The Methanol Economy - What Happened to the Hydrogen Economy ? As we look for alternatives, it's important to realize that you can't change an entire system overnight. The hydrogen economy will only work if we have a inexpensive form to produce it, that works within the system. A Nobel Prize winner, George Olah wrote about the benets of a methanol economy. It's an interesting twist to the energy future, and basically emphasizes the need for a system that is easy to implement into existing transportation and industrial framework. Methanol (MeOH) is currently the high energy density fuel of choice for fuel cells that will replace many portable device batteries. It can also be converted to gasoline through a process developed by Mobil Oil. Statoil in Norway currently has a testbed of methanol powered CHP (combined heat and power) microturbines. Indy 500 race cars use methanol. Methanol can also be used to produce animal feed, as well as enhance plant and algae growth. CO2 Conversion Technologies - Why CO2 ? The concept I have developed is to convert CO2 (Carbon Dioxide) in to useful fuels. It's a novel concept that benets the economy, the environment and provides a strategy that can be enacted on a local level. At the same time, it also addresses the inherency's with our current petroleum-based system. Last year, an investor partially funded some research that created Ocean Ethanol and it's CO2 conversion activities. Much of our research was based on the works of Professor Inui and the basic experiments performed by Paul Sabatier over 100 years ago. Paul Sabatier (1912 Nobel Prize for work in organic chemistry) found that when you combine CO2 and Hydrogen over a nickel catalyst, you could produce methane. He was the founder of metal hydrogenation catalysts, which gives us many of the products we use today such as margarine, oil hydrogenation and synthetic methanol. Where do we get CO2 ? There is currently a CO2 pipeline infrastructure in the USA, Canada and many European countries. The current use is for enhanced oil recovery, where it's pumped back into the ground to boost oil production. In Norway, a pipeline was built to sequester CO2 back into the ocean. In addition, there are currently membrane lters that allow us to pump seawater through a device that separates out the CO2. This is done on a large scale with reverse osmosis desalination plants where the CO2 is usually put back into the drinking water. There are also some ideas that lter CO2 from the air, which don't appear to be economical at this time. In some areas of the world, CO2 bubbles up through the seawater and is vented wherever there is volcanic or geothermal activity. It is also a industrial byproduct at ethanol plants, powerplants, natural gas processing plants and a host of other commercial activities. CO2 and H2 to Ethanol Our rst research which was contracted through Battelle, Pacic Northwest Labs, was to develop a ethanol catalyst. Using CO2 and hydrogen as the feedstocks, we were able to prove that you can make ethanol from the combination of the gases over a Fischer Tropsch catalyst. Our investor stopped the funding, we we realized that H2 was a necessary component. The byproducts of the reaction were CO (Carbon Monoxide), methanol, acetic acid, oxygenates and water. My idea to recycle the CO with steam to make hydrogen didn't make up the balance of H2 needed into the input of the system, so the research ended there. The paper economics of the research given no-cost CO2 and low to moderate cost hydrogen gas was about $4.00 per gallon of ethanol. The entire process was about 5-10 percent efcient. As part of our experimental process, we tried to reproduce some of the published scientic methods for CO2 conversion, and were surprised to nd that alot of what is published is difcult, if not impossible to duplicate.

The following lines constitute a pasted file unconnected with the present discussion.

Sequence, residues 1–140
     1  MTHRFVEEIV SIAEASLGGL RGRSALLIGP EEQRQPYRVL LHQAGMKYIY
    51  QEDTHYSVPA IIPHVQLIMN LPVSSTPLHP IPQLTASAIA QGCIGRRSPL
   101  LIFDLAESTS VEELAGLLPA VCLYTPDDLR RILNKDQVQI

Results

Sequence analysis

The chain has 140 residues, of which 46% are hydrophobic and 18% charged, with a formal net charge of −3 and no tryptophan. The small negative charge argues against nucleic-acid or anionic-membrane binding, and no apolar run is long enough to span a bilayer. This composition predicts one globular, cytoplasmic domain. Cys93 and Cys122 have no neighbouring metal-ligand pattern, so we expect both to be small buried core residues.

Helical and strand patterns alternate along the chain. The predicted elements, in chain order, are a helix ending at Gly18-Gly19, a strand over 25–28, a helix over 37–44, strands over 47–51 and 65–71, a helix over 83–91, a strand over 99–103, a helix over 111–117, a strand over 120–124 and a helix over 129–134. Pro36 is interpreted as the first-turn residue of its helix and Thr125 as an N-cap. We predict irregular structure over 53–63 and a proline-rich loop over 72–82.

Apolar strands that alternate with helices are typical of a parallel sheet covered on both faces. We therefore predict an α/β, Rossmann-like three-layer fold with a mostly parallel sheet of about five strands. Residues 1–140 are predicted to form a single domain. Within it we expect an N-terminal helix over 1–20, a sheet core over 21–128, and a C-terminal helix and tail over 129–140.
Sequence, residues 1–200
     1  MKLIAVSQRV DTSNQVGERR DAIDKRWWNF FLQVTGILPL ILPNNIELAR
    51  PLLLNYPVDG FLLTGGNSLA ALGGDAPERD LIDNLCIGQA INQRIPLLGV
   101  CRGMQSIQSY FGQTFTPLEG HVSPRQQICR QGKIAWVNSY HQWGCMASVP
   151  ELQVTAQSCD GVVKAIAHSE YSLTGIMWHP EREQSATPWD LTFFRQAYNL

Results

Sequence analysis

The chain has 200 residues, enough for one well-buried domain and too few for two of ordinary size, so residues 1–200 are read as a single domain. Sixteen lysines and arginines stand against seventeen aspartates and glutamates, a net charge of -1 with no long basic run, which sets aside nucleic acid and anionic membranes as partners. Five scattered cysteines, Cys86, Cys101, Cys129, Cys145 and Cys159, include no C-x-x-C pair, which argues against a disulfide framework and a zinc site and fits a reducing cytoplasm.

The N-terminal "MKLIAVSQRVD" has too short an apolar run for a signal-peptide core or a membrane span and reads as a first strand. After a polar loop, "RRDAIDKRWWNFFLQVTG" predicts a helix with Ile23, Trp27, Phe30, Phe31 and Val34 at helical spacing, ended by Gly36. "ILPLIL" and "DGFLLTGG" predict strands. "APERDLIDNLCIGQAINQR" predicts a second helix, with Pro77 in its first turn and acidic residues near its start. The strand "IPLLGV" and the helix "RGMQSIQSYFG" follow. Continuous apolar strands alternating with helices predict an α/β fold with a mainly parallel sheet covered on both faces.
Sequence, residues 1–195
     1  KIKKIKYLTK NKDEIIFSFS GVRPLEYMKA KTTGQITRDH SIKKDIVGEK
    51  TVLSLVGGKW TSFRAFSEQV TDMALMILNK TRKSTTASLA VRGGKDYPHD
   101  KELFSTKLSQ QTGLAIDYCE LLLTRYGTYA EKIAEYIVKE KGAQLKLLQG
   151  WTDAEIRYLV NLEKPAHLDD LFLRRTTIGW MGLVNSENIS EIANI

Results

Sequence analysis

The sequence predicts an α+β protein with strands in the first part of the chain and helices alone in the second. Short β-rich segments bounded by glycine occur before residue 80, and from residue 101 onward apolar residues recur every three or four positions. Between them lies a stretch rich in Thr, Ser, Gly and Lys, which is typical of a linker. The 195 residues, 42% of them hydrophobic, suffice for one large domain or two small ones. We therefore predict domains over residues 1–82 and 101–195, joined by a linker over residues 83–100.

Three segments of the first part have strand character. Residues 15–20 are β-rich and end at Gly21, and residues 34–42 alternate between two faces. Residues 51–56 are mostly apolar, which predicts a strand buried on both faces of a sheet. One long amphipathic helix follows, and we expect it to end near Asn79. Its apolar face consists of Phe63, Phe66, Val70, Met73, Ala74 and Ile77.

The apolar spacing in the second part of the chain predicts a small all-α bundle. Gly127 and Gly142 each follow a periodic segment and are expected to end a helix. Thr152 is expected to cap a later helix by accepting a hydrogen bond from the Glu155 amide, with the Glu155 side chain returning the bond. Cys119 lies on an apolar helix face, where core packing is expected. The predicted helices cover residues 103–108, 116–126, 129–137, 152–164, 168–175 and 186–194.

Global Energy and Ocean Ethanol LLC - Contact Greg Giese at (608) 238-6001